Have a 30 acre piece of land in Sampson county that needs select harvest of the trees. I'd like to have someone with a chipper for a cleaner finish, as most of the trees aren't that large. Any recommendations?
You really need to hire a good consulting forester to market your timber. Prices are very mill specific and product specific. A pickup tree buyer will screw you three ways to Sunday if you let them.
That is your opinion but just saying timber buyer will just screw you is false. If you have a larger tract and want to sell by lump sum the consultant would be a big advantage by cruising the timber and telling you what it should bring. Yes there are some crooks out there like in real estate or any business. If a landowner knows absolutely nothing about his land or his timber he probably way better off with consultant but you can do a little homework get list of timber company’s then get several different prices will weed out the bad ones. You can get a list of timber company’s from your local N.C. forest service office
There's some decent sized trees, but mostly smaller, about 10 inch and under struggling under the pine canopy. A good mix of hardwoods, oaks, hickory and maple. Just not sure how comfortable I am with felling a 60 foot pine on my own...I'm not.You will not get a chipper on a select cut tract that small, even a clear cut that size would likely not get a chipper. Most loggers dont have chippers anyway so that is a disadvantage to start. If you are select cutting, are you saying the harvest trees are not that big? If so you may not get any interest on any of it. I manage alot of timberland in that area and may can help you with names but need to know a little more.
I dont believe in absolutes so yes there are crooked real estate people(alot)and honest timber buyers but for the average landowner, the possibility that an unlicensed timber buyer with no required code of ethics or fiduciary responsibility, who is motivated to buy as cheaply as possible, in a very confusing and misunderstood business, is going to try to lowball the deal, is MUCH greater than when using a consultant. Even if the landowner is equipped to solicit offerers from multiple buyers, unless they have experience in this arena, my personal experience is pretty consistent in that without a consultant looking after them, they generally sell way too cheap. I have been around both sides for years and I understand that neither side generally like each other, and yes there are good buyers out there(I deal with several) but for a novice, get un biased help. In fact, the consultant is not unbiased since the more you make, the more he makes. Not trying to start an internet fight but consultants help with transparency that buyers don't necessarily have to abide by.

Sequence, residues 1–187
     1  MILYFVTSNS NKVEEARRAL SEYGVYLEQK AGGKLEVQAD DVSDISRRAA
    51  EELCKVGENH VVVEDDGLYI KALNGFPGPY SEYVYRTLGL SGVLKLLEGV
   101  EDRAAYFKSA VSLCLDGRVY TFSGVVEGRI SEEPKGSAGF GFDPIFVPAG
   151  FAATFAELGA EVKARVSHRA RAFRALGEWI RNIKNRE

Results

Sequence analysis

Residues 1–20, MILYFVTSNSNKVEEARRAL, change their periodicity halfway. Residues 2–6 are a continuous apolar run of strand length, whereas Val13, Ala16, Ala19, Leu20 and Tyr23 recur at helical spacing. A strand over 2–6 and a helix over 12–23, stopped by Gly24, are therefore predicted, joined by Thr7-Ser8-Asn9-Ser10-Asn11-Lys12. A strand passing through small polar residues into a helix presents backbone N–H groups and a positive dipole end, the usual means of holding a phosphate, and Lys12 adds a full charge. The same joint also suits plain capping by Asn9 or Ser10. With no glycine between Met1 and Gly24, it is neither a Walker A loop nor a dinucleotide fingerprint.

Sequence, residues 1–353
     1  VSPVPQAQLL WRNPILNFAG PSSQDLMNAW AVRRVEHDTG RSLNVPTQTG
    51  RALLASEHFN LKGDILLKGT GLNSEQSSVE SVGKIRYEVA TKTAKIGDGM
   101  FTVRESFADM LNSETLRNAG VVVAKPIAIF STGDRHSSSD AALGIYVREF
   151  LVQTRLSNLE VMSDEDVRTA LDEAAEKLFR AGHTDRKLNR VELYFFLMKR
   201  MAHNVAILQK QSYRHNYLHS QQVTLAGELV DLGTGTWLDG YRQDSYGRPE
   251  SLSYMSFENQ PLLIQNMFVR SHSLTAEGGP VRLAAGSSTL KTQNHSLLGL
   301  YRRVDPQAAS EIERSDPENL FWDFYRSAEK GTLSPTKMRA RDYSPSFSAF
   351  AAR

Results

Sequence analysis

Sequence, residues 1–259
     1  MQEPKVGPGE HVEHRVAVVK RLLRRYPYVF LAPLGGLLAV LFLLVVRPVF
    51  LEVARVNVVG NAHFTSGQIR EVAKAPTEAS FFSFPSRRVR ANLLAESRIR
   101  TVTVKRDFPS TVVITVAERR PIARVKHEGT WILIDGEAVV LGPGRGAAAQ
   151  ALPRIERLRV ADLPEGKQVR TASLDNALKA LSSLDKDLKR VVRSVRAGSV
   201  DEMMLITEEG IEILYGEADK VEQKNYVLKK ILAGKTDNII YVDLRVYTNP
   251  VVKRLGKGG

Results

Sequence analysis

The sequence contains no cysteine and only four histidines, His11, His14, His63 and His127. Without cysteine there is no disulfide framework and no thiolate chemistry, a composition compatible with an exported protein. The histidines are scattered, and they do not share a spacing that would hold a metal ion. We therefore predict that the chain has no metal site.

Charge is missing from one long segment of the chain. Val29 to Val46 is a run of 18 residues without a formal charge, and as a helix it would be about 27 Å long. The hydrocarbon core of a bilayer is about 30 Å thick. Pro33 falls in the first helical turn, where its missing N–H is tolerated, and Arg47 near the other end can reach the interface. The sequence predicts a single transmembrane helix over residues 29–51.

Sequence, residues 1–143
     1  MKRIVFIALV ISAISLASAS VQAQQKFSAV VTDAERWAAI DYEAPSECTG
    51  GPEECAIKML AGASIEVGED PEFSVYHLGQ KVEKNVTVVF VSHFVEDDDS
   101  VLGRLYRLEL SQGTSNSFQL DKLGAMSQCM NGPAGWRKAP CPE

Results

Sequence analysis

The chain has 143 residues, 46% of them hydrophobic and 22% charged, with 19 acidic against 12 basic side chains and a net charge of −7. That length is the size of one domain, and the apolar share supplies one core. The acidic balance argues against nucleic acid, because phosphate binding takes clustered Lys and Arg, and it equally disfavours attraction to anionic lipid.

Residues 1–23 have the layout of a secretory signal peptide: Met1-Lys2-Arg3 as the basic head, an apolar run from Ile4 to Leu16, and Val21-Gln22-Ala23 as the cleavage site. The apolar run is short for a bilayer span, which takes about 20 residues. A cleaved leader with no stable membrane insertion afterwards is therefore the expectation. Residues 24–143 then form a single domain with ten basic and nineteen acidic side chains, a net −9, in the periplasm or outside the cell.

So is there a chance you might know someone in the Johnston county area that may be able to help?That’s for the most part what I said. If you know nothing about timber or what you have use a consultant. I have looked at timber not only could they not tell you when it was cut last a few didn’t know where it was located. We were moving about 5000 tons of wood a week before the quotas got so bad last few months which we get a lot from consultants in order to keep larger tracts. So we get along with consultants fine actually helps take lot of headache out of it if consultant dealing with landowner. On thinning our price is same to consultant as to landowner direct. But I was mainly referring to small acre thinning tracts. In our area the small loggers about gone so there not a lot options.
There building a chip mill here. I suspect the chip demand to change here.I'd get up with Grant Jones, hes the county ranger for Sampson County and a really good guy.
Chipping is becoming the norm in my area but weve also got a chip mill in our neighboring county, so theres a good market for it.
Truth be known your best bet is to get a consulting forester. They know the markets, they know the loggers, and they are the most likely candidate to get the best bang for your buck.
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